Materials and Methods
82E1 and anti-soluble APPalpha antibodies were purchased from Immuno Biological Laboratories (IBL). 6E10 antibody was provided by Signet Laboratories. Anti-LC3B and anti-ATP synthase-beta were purchased from Cell Signaling Laboratories and BD Transduction Laboratories, respectively. Anti-mouse or anti-rabbit horseradish-peroxidase-conjugated secondary antibodies were purchased from Dako Denmark.
The study was performed using 30 cases obtained from the BTIN-Tissue Bank for Neurological Research (Madrid, Spain) and from the Neurological Tissue Bank of IDIBELL-Hospital of Bellvitge (Barcelona, Spain), approved by the committee for human and animal use for research at Seville and Malaga Universities, Spain. The cases were scored for Braak stage for neurofibrillary tangles (II–VI). In Table 1 are detailed the age, Braak stage, sex and the delay post-mortem before the extraction of the samples.
Preparation of human brain lysates
Soluble (S1) fractions were prepared as described previously , , , . Briefly, frozen human hippocampal tissue was homogenized (1/5 w/v) using a manual Dounce homogenizer (10 strokes using pestle A (large clearance: 0.114±0.025 mm) and 10 strokes using pestle B (small clearance: 0.05±0.025 mm), in Tris-buffered saline (TBS; 20 mM Tris-HCl, 140 mM NaCl, pH 7.5) containing protease and phosphatase inhibitors (Roche). Homogenates were then ultracentrifuged (4°C during 60 min) at 100,000×g (TLA110 rotor, Optima MAX Preparative Ultracentrifuge, Beckman Coulter). The supernatant, which constitutes the S1 fractions, was collected, aliquoted and stored at −80°C for further use. The remaining pellet (P1) was stored at −80°C until needed.
Sequential protein extraction
For sequential extraction experiments, the P1 fraction was first resuspended (by Dounce homogenization; 10 strokes using pestle B) in RIPA buffer (1% CHAPS, 1% deoxycholate, 0.2% SDS, 140 mM NaCl, 10 mM Tris-HCl, pH 7.4, containing protease and phosphatase inhibitors), incubated for 30 min at 4°C with agitation, and centrifuged at 30,000×g for 30 min at 4°C. The supernatant constituted the S2 fraction. The pellet from this centrifugation was sequentially extracted (by incubating during 30 min, 4°C followed by centrifugation 30,000×g for 30 min) using buffered-SDS 2% (2% SDS in 20 mM Tris-HCl, pH 7.4, 140 mM NaCl) (S3 fraction) and 4% SDS plus 8 M urea (P3 fraction). All isolated fractions were aliquoted and stored at −80°C until use.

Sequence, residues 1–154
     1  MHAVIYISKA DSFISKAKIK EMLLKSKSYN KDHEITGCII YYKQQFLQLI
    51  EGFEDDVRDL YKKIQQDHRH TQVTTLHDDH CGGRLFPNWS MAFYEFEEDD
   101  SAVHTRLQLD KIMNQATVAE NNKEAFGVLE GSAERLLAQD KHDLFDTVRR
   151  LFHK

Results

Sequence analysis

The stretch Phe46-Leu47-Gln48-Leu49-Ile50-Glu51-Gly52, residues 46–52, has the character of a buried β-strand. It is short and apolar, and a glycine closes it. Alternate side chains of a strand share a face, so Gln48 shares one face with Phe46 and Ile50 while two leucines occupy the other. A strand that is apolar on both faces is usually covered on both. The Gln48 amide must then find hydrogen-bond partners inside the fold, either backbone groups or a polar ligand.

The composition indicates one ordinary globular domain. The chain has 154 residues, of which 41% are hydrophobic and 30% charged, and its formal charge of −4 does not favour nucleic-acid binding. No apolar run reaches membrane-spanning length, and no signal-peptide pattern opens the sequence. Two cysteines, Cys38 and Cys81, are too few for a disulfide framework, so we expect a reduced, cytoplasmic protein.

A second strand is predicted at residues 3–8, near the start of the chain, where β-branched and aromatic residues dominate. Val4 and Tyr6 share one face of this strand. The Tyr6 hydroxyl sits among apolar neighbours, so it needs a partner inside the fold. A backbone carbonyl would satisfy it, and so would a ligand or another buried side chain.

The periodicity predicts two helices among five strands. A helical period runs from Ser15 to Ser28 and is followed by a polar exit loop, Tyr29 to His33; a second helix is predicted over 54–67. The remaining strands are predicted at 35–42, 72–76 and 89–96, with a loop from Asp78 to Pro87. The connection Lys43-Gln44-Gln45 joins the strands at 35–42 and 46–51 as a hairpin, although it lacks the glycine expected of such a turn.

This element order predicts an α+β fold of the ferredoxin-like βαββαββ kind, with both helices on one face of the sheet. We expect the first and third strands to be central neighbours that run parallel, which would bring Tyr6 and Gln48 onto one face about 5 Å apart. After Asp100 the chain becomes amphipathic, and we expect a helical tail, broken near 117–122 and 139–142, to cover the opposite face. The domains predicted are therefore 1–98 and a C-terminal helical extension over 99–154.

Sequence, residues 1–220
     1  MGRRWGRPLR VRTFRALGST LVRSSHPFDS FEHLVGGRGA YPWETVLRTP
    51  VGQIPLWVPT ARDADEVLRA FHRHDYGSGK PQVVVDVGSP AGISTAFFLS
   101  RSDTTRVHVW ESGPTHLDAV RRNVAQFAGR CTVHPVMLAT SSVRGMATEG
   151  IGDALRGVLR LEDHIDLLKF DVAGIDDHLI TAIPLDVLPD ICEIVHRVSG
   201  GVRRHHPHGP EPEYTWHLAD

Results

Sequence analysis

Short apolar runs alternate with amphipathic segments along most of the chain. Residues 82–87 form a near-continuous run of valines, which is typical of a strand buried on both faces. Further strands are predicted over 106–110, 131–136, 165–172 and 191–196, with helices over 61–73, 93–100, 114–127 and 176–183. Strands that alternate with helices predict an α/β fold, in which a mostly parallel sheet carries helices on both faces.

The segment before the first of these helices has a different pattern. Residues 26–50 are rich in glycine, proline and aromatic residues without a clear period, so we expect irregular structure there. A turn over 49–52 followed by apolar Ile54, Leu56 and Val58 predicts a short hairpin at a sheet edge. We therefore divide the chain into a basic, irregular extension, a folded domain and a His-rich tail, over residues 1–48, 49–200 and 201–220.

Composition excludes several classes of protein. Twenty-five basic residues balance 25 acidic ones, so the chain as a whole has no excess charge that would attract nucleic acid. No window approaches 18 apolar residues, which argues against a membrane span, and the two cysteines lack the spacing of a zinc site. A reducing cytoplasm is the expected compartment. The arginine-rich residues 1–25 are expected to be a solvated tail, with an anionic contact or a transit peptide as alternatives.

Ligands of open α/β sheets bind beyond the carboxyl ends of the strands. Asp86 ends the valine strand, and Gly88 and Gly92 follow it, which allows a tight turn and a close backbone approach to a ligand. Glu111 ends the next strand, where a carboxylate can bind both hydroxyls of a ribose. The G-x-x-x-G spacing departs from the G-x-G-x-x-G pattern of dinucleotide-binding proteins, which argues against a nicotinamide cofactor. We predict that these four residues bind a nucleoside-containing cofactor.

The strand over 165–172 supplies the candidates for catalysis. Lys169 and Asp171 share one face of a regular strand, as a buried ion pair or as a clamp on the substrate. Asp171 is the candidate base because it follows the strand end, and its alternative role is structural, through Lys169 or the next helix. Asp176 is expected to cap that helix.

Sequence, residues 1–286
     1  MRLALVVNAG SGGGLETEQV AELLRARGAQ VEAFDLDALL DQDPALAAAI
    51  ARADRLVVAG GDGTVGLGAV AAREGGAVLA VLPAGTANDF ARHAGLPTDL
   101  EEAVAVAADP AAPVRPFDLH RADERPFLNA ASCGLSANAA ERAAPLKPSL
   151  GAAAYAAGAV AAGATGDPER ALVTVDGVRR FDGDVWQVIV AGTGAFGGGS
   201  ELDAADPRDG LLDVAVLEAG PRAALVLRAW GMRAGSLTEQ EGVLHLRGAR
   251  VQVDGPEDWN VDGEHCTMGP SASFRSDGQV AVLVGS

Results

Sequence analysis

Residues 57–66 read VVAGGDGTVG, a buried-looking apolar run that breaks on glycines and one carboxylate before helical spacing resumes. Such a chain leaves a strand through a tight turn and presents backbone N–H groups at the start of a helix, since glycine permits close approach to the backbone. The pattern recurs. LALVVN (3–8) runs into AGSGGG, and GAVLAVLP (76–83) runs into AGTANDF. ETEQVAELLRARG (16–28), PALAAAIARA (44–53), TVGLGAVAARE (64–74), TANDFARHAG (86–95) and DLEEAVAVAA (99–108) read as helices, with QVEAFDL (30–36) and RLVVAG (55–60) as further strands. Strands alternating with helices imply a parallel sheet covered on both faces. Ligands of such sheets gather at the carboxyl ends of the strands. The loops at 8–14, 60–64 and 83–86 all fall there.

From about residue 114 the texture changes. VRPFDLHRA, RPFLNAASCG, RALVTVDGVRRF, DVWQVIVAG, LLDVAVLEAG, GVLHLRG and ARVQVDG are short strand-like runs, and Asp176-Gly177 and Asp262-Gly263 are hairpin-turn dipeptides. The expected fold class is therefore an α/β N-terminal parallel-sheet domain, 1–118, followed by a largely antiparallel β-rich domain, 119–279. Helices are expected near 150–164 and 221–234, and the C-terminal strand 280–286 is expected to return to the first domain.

Abeta quantification by sandwich ELISA
The amount of soluble Abetax-40 or Abetax-42 peptides was determined in human soluble S1 fractions, using commercial sandwich ELISA (Human Abx-40 ELISA Kit, Invitrogen; Amyloid beta x-42 ELISA, DRG) following the manufacturer recommendations. For these experiments equivalent amount of proteins, from the different S1 fractions isolated from Braak II to Braak V–VI samples, were pooled. For each assay, 25 µg of protein from the pooled-soluble fractions was used. The ELISA experiments were repeated four times, in independent experiments, using duplicate or triplicate replicas.
For oligomeric ELISA, we used 6E10-6E10 antibody pairs in conjunction with the Alpha-Lisa technology, developed by Perkin Elmer. This assay recognized synthetic Abeta dimer, used as standards, whereas synthetic monomeric Abeta42 produced no signal over the background. The lower limit sensitivity of this assay was 0.02 pg/µl.
Preparation of PS1delta9xAPPswe cortical fractions